- Maintain documentation of supports provided by each community support worker and participant’s satisfaction with the these supports
- Assist the participant to monitor community supports
- Assist the participant to resolve employment related problems
- Assist the participant to identify and develop community resources to meet specific needs
- Assist the participant in distributing the support and spending plan to community support workers or vendors
A support broker must possess the following requirements:
- Be 18 years of age or older
- Have the skills and knowledge typically gained by completing college courses or community classes or workshops that count toward a degree in the human services field
- Have at least two years verifiable experience with the target population and knowledge of services and resources in the developmental disabilities field
- Pass the department's criminal history background check
- Complete and submit the Support Broker Application for Adults.
- If the application is approved, a letter will be sent with information regarding support broker training and the required qualification examinations. Attendance at the support broker training is required only for applicants planning to work with children.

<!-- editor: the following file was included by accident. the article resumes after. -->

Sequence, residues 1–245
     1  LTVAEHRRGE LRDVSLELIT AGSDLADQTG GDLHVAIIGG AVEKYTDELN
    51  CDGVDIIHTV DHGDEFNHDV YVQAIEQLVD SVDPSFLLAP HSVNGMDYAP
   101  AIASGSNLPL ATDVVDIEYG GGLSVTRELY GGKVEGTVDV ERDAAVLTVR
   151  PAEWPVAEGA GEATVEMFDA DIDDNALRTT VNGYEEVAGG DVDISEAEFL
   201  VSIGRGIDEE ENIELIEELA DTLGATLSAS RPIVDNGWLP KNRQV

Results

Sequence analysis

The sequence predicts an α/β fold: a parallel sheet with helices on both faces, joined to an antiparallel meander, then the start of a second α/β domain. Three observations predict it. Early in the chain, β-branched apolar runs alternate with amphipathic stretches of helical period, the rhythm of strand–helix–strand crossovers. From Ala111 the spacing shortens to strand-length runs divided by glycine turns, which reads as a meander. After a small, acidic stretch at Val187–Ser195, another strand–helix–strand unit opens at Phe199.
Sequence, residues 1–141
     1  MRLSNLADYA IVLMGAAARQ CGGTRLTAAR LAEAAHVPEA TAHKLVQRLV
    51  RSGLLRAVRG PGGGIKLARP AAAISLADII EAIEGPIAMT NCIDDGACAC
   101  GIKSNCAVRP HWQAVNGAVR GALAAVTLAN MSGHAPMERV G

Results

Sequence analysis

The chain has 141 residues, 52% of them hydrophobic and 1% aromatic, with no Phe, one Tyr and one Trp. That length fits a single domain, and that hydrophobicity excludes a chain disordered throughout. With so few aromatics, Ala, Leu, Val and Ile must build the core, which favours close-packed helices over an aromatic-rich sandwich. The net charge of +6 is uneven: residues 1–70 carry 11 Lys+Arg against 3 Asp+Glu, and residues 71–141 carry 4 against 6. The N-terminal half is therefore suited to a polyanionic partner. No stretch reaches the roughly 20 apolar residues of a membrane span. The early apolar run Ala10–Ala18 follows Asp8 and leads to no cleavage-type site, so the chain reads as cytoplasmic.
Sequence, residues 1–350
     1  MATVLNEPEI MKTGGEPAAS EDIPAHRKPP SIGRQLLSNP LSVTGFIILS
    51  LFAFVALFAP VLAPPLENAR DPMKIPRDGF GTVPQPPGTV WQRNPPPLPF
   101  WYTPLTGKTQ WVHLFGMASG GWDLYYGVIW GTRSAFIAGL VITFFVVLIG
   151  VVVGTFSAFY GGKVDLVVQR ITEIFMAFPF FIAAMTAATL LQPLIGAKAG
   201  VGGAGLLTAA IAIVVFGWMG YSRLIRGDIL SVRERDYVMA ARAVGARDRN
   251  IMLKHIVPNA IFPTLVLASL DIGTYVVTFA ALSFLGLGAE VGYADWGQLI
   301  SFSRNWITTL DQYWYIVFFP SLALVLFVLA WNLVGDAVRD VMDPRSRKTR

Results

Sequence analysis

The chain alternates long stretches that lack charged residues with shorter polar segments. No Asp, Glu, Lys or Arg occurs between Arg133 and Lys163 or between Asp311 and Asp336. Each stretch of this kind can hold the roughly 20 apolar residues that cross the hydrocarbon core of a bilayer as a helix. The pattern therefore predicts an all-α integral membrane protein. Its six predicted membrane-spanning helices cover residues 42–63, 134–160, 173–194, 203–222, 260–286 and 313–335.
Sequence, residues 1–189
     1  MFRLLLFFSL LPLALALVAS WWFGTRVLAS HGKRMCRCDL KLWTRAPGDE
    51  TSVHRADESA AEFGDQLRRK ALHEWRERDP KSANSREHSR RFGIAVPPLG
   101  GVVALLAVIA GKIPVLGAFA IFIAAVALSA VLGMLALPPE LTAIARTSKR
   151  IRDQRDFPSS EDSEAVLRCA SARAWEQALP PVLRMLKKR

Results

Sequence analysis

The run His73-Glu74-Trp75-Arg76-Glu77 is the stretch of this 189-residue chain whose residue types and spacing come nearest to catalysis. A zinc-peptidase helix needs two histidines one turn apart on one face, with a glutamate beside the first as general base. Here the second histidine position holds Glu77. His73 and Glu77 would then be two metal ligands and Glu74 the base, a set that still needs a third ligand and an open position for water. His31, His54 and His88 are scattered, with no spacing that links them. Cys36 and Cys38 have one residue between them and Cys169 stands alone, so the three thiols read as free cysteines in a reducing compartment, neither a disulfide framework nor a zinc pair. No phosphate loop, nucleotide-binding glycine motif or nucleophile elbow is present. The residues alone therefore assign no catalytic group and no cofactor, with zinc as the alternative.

- The closed-book, proctored exam is taken first. Applicants can prepare for this exam by reviewing the Support Broker Manual. Applicants who plan to test for both children and adults need only take one proctored exam conducted by either Family Directed Services or Bureau of Developmental Disability Services staff.
- Upon successful completion of the proctored exam, information will be sent regarding an open-book case study and workbook. The applicant will then complete a support and spending plan using the information from the case study. If the applicant has been approved for both adults and children, two case studies will need to be completed.
- Upon successful completion of the required qualification examinations, applicants may then begin providing services. Approved applicants can choose to be added to the Support Broker Listing. Status on the support broker listing may be changed at any time by emailing SDSBA@dhw.idaho.gov.
To be re-qualified as a support broker, a requalification application and supporting documentation must be submitted 45 days prior to the expiration of your current qualification notice, one year from the initial qualification date.
Go to the requalification application for adults
Go to the requalification application for children
Supported documentation must be submitted with your application verifying that you have completed a minimum of 12 continuing education hours of training in subjects specific to support broker job duties and responsibilities. Six of these hours can be completed through independent self-study. A list of examples can be found in the Support Broker Manual, under annual re-qualification. Questions regarding what trainings would qualify as continuing education can be emailed to SDSBA@dhw.idaho.gov for support brokers who serve adult participants or CDSO@dhw.idaho.gov for support brokers who serve children.